Edward Sternaman

From Wikipedia, the free encyclopedia
Jump to navigation Jump to search
Edward "Dutch" Sternaman
Edward Sternaman.jpg
Born:February 9, 1895
Chicago, Illinois, United States
Died:February 1, 1973(1973-02-01) (aged 77)
Chicago, Illinois, United States
Career information
Height5 ft 8 in (173 cm)
Weight176 lb (80 kg)
Career history
As player
1920Decatur Staleys
1921Chicago Staleys
1922–1927Chicago Bears
As co-owner
1920Decatur Staleys
1921Chicago Staleys
1922–1933Chicago Bears
Career highlights and awards

Edward Sternaman (February 9, 1895 – February 1, 1973), better known as Dutch, was an American player, coach, and owner in professional football for the NFL's Chicago Bears.

During the 1910s, Sternaman and George Halas excelled on the Illinois Fighting Illini football team. In 1919, he was contacted by executives from the Arcola football team to assemble a roster strong enough to exact revenge on A. E. Staley's team following a 41–0 loss. Although Sternaman agreed and organized a roster, the Staleys were not present when they became aware of the plan. Staley later approached Sternaman to increase the team's competitiveness, but he declined as he was close to finishing his mechanical engineering degree at the University of Illinois at Urbana–Champaign.[1]

In 1920, Halas assumed control of the Staleys, and Sternaman was the first player to sign with the team.[2] During the 1920 season, Sternaman would rush for 11 touchdowns.[3] He was also known for his kicking prowess, finishing his career with 21 field goals and 28 extra points when including 1920.[4] When the team moved to Chicago in 1921, Halas sold 50 percent of the club to Sternaman.[5] At season's end, the two competed with agent Bill Harley for ownership of the Staleys, and were declared by the American Professional Football Association (now National Football League) as the team's owners in an 8–2 vote. The Staleys were renamed the Bears in 1922.[6] Joey Sternaman, Dutch's younger brother, also played for the team.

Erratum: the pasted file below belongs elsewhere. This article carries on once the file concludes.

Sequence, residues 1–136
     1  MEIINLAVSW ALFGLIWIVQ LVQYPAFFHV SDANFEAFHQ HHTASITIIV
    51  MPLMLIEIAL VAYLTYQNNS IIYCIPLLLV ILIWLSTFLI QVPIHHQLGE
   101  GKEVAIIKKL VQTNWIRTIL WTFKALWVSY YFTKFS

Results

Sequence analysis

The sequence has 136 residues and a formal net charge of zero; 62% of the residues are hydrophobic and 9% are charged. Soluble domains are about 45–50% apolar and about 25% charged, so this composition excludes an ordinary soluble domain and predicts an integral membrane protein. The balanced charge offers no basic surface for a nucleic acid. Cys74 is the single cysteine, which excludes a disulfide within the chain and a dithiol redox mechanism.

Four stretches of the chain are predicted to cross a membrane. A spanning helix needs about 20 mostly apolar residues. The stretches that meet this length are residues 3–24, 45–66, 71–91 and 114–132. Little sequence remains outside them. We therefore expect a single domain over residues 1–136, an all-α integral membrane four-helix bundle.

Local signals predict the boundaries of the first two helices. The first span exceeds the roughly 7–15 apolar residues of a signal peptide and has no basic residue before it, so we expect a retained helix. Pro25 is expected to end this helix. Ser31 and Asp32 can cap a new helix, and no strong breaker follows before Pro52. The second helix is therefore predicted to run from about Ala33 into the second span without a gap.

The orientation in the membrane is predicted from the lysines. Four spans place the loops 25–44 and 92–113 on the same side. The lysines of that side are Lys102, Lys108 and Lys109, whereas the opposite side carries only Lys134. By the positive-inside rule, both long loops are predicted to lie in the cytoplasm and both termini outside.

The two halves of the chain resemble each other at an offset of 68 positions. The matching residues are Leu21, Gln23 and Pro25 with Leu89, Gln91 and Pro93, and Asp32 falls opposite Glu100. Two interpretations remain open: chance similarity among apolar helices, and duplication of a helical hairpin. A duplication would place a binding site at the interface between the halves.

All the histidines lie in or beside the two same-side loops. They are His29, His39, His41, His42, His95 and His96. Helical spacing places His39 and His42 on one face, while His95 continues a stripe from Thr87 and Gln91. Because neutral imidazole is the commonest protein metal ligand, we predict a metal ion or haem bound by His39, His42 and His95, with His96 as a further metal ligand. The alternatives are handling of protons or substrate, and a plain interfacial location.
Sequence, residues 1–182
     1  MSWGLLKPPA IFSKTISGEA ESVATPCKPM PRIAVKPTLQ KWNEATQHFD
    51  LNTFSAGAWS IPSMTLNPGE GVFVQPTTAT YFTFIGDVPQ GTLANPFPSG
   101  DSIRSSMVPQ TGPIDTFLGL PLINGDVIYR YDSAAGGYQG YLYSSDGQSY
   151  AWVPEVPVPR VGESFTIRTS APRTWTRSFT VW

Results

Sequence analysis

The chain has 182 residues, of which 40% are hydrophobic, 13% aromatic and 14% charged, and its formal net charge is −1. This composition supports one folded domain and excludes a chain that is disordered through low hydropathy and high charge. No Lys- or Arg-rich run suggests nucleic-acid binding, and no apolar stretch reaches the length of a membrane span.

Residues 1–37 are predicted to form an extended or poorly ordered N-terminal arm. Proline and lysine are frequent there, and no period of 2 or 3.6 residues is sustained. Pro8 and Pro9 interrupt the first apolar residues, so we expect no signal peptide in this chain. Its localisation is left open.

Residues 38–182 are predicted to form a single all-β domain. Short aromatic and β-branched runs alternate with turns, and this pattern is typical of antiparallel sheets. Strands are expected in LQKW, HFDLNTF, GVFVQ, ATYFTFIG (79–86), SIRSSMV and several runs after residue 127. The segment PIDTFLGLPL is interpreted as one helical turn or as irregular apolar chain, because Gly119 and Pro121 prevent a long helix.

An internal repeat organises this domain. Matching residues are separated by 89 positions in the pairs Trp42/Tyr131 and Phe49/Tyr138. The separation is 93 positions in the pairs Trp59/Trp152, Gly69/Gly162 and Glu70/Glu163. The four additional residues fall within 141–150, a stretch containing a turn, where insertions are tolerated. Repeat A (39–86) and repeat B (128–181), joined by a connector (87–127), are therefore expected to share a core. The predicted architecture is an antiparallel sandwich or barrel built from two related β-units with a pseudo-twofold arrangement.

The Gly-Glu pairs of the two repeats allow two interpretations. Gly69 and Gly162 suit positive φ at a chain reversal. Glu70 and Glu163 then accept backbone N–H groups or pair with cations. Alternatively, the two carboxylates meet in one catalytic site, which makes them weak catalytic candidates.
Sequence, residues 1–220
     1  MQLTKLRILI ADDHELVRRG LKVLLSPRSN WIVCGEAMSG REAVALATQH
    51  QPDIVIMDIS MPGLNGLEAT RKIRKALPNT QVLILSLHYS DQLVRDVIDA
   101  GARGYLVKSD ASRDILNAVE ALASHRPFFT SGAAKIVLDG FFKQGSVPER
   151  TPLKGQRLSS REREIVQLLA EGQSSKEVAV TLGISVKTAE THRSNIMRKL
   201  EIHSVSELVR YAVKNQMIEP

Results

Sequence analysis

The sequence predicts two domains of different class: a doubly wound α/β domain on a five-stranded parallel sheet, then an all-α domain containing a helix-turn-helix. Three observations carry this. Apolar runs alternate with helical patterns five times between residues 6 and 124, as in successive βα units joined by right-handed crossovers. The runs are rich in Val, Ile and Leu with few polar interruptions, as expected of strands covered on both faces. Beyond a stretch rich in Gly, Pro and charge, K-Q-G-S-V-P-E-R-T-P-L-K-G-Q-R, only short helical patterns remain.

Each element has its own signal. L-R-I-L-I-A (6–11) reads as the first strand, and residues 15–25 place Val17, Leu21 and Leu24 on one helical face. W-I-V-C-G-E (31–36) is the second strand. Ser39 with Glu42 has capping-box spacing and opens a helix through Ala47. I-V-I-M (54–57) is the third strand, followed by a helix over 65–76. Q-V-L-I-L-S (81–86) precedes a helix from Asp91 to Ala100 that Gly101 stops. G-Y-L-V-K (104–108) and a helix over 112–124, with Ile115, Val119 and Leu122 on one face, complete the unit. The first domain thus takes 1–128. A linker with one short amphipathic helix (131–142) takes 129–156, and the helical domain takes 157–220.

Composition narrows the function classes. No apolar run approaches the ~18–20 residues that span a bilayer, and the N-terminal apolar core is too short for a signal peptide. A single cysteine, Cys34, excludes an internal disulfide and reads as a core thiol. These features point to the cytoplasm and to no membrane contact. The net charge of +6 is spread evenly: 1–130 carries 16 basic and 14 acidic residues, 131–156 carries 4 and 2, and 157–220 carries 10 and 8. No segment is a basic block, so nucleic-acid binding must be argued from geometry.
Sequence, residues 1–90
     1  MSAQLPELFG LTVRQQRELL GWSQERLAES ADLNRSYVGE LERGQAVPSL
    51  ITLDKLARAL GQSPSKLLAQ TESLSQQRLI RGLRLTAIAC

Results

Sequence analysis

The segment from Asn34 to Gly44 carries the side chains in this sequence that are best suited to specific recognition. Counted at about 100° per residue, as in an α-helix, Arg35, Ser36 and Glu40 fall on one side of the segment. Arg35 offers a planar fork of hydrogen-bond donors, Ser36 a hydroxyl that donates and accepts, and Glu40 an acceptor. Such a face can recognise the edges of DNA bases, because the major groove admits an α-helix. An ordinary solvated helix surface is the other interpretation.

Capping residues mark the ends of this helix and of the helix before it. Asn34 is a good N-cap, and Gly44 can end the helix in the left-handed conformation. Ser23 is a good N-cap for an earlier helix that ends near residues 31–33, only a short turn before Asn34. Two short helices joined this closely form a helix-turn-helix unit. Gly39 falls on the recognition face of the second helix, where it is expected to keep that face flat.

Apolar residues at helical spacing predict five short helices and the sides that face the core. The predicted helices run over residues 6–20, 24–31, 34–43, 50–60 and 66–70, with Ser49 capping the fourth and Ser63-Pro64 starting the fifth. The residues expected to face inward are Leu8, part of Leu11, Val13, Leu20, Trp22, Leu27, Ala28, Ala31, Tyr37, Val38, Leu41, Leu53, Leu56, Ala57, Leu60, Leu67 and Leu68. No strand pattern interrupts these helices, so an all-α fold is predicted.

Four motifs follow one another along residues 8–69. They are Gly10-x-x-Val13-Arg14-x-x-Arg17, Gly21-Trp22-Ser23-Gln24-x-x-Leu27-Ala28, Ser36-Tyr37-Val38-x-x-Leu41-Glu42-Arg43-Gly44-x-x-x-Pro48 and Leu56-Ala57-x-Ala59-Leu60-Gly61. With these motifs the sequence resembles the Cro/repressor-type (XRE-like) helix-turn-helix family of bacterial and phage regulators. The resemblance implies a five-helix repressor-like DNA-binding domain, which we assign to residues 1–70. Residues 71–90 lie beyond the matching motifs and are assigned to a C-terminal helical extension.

During the Great Depression, Sternaman lost money in bad investments, and arranged for Halas to buy out his share of the Bears. The agreement had a deadline for Halas to make final payment or lose everything he had invested to Sternaman. According to Halas, he made the final payment with just minutes to spare.

In the 1930s he coached at North Park University in Chicago.


  1. ^ Sorensen, Mark W. "History of the Decatur Staleys / Chicago Bears". Staley Museum. Retrieved March 10, 2018.
  2. ^ Sorensen, Mark W. "George Stanley Halas". Staley Museum. Retrieved March 10, 2018.
  3. ^ http://www.profootballresearchers.org/members-only/Linescores/1920Linescore.pdf
  4. ^ https://www.pro-football-reference.com/players/S/SterDu20.htm
  5. ^ Willis 2010, p. 141–142.
  6. ^ Willis 2010, p. 148.

External links[edit]